The seasons have shifted big time; dry weekend may turn rainy early next week, with blasts of early cold after that
Blacksburg’s low of 47 on Thursday morning was the fifth in a row below 50 degrees. That hadn’t happened since there were 12 in a row from April 5 to 16, including three below-freezing mornings. Before dropping into the 50s late Saturday night, Roanoke had gone 71 days without a low below 60 degrees. Friday, most likely, will make seven in a row. That reflects how much the weather pattern has turned recently from the first 8 months that have skewed warm — second warmest winter, warmest March, warmest spring and warmest July on record — and the coolness will likely get more extreme in coming days.
As forecast model runs have continued to portray a developing pattern that will funnel cold air from the most northern latitudes southward into the central and eastern U.S. over the next two weeks, it’s not the extreme nature of the cold I’m taken with — though it is possible there will be some record or near-record cold in there a day or two, possibly for us, more likely for the Great Lakes and Upper Midwest regions. It is the longevity that impresses me most, so early in the fall season. Once a strong cold front pushes in toward the middle of next week, there are likely to be multiple pushes of unseasonably cold air from near the Arctic Circle southward over the central Canadian prairies into the U.S. This is because strong high pressure, with unseasonably warm weather underneath, is building across the West Coast, western Canada and Alaska, as well as over Greenland. You may hear about an unusual return of summerlike warmth in some of those areas even as you hear about, and perhaps experience, an unusually arrival of wintertime chill in much of the central and eastern U.S. If some of the model forecasts verify, I could foresee 2-3 weeks of lows in the 40s most nights and highs in the 70s, with a few days mixed in with lows in the 30s in many parts of Southwest Virginia. At the upper end of extremes, the developing weather pattern (really, it’s already started, with this past week’s first push of Canadian air) has the potential to be a truly historic bout of September cold, with some early killing frosts in some areas of the Upper Midwest and Northeast (maybe even some frost for us) and some oddly early snowflakes in the Great Lakes and maybe even highs spots of the central and northern Appalachians. At the low end of the possibilities, we get a rather prolonged period of below-normal temperatures, rising to near normal just before each new push of Arctic/Canadian air arrives.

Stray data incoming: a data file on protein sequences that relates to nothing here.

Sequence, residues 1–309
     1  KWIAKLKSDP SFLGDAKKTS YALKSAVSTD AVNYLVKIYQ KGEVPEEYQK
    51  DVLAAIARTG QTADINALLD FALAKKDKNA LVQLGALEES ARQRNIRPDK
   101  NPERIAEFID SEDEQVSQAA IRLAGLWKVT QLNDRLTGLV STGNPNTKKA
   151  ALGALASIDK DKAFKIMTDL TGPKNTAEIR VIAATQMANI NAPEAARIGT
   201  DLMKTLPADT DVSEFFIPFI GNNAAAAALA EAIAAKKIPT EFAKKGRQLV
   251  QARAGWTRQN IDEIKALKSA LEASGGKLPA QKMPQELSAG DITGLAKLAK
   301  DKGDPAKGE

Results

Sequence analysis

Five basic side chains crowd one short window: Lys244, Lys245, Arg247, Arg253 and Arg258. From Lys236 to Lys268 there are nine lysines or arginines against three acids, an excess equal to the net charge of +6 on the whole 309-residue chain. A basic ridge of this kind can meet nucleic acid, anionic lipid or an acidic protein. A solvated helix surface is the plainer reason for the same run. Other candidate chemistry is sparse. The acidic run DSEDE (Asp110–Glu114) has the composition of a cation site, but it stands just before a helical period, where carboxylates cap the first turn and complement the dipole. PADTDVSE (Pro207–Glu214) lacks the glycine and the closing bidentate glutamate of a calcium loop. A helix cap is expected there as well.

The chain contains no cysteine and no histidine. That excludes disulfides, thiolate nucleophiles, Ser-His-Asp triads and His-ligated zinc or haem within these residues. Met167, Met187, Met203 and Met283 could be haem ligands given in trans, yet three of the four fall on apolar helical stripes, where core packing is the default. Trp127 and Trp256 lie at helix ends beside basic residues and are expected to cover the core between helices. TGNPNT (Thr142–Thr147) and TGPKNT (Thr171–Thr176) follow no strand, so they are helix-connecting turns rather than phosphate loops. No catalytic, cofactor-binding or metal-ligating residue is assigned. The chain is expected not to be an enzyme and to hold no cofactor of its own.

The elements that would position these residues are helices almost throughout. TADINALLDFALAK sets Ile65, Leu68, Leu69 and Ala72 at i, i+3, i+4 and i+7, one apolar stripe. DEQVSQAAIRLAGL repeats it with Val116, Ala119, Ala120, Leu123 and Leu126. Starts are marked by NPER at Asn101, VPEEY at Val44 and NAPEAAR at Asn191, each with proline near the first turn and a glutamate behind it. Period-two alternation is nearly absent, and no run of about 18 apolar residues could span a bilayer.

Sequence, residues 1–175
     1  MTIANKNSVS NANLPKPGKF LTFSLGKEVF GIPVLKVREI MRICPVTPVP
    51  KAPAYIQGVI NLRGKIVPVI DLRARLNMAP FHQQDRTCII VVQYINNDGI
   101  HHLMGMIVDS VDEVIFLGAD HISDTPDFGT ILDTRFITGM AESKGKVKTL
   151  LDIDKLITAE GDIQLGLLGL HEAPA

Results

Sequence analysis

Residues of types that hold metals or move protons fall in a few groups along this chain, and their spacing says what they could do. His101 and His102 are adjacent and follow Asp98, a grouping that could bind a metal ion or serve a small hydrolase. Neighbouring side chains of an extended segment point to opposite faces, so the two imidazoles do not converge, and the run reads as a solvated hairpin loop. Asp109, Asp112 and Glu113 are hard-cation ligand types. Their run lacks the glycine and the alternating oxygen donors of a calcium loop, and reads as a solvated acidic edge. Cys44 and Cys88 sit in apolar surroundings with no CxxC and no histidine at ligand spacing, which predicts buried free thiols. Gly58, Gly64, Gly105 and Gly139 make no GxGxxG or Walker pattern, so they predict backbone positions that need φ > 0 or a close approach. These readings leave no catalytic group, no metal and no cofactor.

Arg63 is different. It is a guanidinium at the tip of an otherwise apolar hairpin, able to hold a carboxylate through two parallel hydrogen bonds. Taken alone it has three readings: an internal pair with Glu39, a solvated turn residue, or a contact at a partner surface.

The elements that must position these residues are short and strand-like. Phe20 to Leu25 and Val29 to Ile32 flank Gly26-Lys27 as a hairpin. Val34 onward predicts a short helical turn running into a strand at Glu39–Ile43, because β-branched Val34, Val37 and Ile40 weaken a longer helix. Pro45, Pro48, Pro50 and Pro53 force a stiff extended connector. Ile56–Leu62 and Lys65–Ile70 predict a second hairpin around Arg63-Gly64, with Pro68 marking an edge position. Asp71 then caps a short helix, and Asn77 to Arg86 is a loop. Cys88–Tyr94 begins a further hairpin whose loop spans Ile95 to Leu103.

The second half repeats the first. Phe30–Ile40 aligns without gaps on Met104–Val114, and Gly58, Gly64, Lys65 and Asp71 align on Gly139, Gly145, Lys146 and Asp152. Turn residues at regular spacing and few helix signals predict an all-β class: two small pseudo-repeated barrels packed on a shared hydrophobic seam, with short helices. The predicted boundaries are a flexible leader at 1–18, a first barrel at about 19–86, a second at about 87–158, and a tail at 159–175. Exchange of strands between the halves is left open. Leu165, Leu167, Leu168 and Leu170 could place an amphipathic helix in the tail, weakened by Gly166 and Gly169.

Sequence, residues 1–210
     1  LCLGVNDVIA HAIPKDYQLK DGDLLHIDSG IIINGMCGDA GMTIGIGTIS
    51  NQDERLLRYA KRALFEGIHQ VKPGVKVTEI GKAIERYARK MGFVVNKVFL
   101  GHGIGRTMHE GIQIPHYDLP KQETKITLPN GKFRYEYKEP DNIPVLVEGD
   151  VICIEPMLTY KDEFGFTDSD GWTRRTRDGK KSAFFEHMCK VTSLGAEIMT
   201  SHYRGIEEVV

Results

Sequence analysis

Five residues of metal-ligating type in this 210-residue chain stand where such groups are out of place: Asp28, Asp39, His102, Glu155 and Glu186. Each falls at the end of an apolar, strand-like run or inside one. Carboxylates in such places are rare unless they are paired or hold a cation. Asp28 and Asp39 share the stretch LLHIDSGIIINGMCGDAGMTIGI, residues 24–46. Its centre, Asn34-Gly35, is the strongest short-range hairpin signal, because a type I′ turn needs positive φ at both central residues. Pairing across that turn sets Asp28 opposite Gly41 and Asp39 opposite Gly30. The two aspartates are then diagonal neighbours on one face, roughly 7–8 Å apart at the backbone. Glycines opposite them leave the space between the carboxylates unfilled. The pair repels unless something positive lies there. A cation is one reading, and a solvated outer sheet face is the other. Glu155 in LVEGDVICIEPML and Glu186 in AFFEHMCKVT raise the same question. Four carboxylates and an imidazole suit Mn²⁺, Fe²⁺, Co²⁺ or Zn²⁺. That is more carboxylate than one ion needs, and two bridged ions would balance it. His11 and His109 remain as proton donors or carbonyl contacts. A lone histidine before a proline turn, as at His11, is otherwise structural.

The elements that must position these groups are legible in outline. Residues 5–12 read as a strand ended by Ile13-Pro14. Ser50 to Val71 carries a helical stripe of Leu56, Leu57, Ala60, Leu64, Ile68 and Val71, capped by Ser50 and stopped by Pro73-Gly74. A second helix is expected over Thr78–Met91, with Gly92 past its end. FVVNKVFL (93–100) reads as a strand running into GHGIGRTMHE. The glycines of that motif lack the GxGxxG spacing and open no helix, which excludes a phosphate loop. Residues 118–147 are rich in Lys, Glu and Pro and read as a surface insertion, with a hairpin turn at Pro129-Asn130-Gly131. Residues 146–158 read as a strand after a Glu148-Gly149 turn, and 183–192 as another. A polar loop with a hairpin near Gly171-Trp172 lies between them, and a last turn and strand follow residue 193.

The weekend will see a slight reinforcement of the current temperature regime, reinforcing the generally near-normal 70s highs/50s lows pattern. Roanoke hit 80 on Thursday and 81 on Wednesday, and may get another low 80s high on Friday. After so many dry days, moisture will be slowly building toward the end of this weekend and early next week, and there are some growing indications of a potential storm system developing in the Ohio Valley and/or the South that could scoop some Gulf of Mexico and/or Atlantic moisture our way and squeeze it out into some rain through the early to middle part of next week. Forecast models still vary quite a bit on the details of this storm system’s development, but the Hydrometetorological Prediction Center is now suggesting amounts near 1 inch may occur Monday and Tuesday. Development of a substantial storm system this far south, leading to any kind of general rain shield as opposed to the spotty showery stuff we’ve seen with almost every system since May, would be yet another indication of just how much the weather pattern has changed.